Andy Warhol (1928–1987), Empire, 1964. 16mm, b&w, silent; 8 hrs., 5 min. at 16 fps, 7 hrs., 11 min. at 18 fps © 2018 The Andy Warhol Museum, Pittsburgh, PA, a museum of Carnegie Institute. All rights reserved.


To begin with as noted above, Warhol brought the unabashed use of commercialism into the mainstream world of fine art. The decades of the nineteen seventies and eighties saw a meteoric rise in the commodification and commercialization of fine art. The world of fine art has developed even further since then as a specialized and highly structured world of business or industry. Warhol made a fortune on his work when he realized that artwork associated with his name (i.e. his brand) would be ascribed value. Secondly, Warhol was innately curious and driven. His forays and ventures into film, video, and television production were extensive but not as well known. He was tremendously productive in the world of film. “Empire” remains one of his classics. Thanks to the Whitney Museum of Art, you can get a taste in the media segments of the exhibit or better yet, view them on line at the museum’s website. I imagine Warhol would have been delighted to distribute his works across a networked medium today. More importantly, his cross-over use of media in his time, laid the groundwork for later artists such as Julian Schnabel to do the same. Lastly, and this is probably where he deserves the most credit, he created a disruption in the world of art that gave room for the emergence of conceptual art. The late Arthur Danto, professor of philosophy at Columbia University, wrote an involved philosophical treatise, The Transfiguration of the Commonplace, which later became the substance of his highly acclaimed book on the philosophy of art. Danto was a big fan of Andy Warhol and wrote as an art critic for The Nation. Danto believed that the Warhol’s artwork such as Brillo® Boxes, raised the question, “If there is no discernable difference between a Brillo® Box at home or the store, and a Brillo® Box in the gallery, what makes it art?” For Danto, the art object became “art” by virtue of the idea it contained (or communicated). In this case, Danto saw Warhol raising a philosophical question “What is art?” through his art. After Warhol passed in 1987, the last decades of the 20th century saw a de-materialization of art as conceptual art became a dominant form of practice in galleries and museums. Now in the early 21st century, there has been a resurgence of materiality in the fine arts world. Issues related to identity, politics, sentience, and social and environmental concerns are coming to the foreground in the artworld. It seems that the plethora of contemporary artwork found throughout the globe engenders a multiplicity of simultaneous truths. I guess Warhol was onto something with his multiples all along.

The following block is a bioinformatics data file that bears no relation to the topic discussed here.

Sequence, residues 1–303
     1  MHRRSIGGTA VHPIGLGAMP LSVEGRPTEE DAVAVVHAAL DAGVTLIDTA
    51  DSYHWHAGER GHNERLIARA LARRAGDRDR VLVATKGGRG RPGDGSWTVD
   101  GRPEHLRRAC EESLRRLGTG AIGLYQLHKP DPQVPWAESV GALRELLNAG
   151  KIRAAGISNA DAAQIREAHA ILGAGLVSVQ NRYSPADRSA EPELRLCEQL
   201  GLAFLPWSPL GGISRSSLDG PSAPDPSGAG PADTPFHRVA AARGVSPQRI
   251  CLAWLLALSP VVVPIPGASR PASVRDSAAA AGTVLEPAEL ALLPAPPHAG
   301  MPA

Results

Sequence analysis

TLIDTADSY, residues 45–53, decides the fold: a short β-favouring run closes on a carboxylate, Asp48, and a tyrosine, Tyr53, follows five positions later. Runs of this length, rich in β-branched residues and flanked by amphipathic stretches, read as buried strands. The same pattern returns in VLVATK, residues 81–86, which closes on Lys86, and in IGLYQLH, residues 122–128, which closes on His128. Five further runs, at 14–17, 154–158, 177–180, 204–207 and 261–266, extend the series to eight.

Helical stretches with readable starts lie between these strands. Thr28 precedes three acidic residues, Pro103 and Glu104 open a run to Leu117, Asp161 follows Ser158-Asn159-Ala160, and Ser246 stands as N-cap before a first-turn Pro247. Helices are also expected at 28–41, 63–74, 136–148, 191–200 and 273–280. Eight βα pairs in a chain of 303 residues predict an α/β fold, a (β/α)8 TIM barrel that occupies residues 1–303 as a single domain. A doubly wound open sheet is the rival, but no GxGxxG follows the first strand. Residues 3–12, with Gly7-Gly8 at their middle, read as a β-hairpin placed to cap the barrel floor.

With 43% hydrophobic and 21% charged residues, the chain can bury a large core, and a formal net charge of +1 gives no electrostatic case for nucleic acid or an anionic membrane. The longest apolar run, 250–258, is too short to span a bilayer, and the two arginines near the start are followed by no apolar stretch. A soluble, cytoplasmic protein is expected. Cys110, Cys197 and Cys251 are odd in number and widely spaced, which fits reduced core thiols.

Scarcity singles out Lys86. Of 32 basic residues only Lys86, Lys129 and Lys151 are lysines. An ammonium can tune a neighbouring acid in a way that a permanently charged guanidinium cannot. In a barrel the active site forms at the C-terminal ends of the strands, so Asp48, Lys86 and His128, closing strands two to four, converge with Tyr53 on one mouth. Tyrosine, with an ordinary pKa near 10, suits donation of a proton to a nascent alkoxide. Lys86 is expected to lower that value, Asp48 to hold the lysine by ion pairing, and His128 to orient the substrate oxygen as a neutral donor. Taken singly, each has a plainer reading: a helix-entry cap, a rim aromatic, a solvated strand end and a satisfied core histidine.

1. Warhol, Andy. The philosophy of Andy Warhol: from A to B and back again. Houghton Mifflin Harcourt, 2014.
  6. Danto, Arthur C. “The Transfiguration of the Commonplace.” The Journal of Aesthetics and Art Criticism 33, no. 2 (1974): 139-48. doi:10.2307/429082.